SALT LAKE CITY (AP) — The FBI is playing an ongoing role in local investigations of Utah Attorney General John Swallow, an agency official has confirmed.
FBI agent Todd Palmer said his agency is still working with local investigators after the U.S. Department of Justice last week closed a federal bribery probe.
The local investigation, headed up by Salt Lake County Attorney Sim Gill and Davis County Attorney Troy Rawlings, is looking into any potential violations of state laws by Swallow's office.
Swallow has been surrounded by allegations of misconduct since shortly after he assumed office in January, including accusations he arranged a plot to bribe U.S. Senate Majority Leader Harry Reid.
Reid and Swallow denied the allegations, which were made by indicted businessman Jeremy Johnson.
Johnson is accused of running a $350 million Internet scheme and is facing dozens of federal fraud charges.
Swallow, a Republican, was able to shrug off some of the accusations Sept. 12 when the U.S. Department of Justice told Swallow's personal attorney that they had shuttered their investigation and no charges were pending.
Former Attorney General Mark Shurtleff, who has been linked to some of the claims against Swallow, received similar news from his attorney.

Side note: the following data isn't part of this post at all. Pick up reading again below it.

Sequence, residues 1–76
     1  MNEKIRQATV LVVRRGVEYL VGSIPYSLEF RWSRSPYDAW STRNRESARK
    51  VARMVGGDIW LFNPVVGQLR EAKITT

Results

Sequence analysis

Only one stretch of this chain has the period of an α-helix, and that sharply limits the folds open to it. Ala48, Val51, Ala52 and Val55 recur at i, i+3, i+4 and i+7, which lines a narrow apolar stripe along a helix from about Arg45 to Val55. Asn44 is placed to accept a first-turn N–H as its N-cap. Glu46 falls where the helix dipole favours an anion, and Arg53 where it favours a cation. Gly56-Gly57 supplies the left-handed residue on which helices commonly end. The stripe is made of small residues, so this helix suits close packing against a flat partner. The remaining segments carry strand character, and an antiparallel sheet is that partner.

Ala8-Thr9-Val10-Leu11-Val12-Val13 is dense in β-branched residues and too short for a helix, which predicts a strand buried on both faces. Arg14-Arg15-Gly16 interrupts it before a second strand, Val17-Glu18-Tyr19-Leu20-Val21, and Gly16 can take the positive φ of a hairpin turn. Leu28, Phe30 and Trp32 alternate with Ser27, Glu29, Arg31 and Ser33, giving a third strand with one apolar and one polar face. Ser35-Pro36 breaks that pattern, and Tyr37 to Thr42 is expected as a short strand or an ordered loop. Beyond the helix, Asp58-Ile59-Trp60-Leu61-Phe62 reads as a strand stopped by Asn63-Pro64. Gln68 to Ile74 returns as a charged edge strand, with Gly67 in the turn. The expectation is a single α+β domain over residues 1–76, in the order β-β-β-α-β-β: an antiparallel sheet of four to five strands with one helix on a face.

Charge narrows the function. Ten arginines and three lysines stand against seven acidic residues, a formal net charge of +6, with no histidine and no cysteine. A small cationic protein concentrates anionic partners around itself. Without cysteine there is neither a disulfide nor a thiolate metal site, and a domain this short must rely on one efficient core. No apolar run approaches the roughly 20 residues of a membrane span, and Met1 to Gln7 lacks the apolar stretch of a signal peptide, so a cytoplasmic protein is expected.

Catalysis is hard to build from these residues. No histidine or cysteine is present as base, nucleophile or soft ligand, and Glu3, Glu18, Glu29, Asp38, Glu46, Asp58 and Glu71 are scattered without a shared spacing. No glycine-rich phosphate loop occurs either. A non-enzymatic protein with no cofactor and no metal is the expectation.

Palmer confirmed the FBI's ongoing role on Friday but would not offer further details.
When asked about the FBI's role Friday, Gill said he sometimes asks outside law enforcement agencies to help out cases his office is investigating.
Gill wouldn't offer further details on the FBI's role or the scope of his investigation.
University of Utah law professor Paul Cassell told the Deseret News that it is unusual for a federal agency to work on state charges.
Cassell, a former federal judge and assistant U.S. attorney, said it's possible the FBI is sharing findings from the federal investigation so local agencies can avoid duplicating work.
"When you look at it through an administrative lens, it makes sense," Cassell said.
In addition to the county attorneys' probe, the state elections office is investigating accusations that Swallow violated campaign laws by failing to disclose several business interests last year.
The Republican-controlled Utah House of Representatives has also launched a fact-finding mission into the allegations, which could lead to impeachment.
That investigation may cost as much as $3 million, and legislative attorneys say it may be several months before they call any witnesses.
Swallow maintains that the other allegations made against him are baseless, and he has repeatedly said he expects his name will be cleared by all the investigations.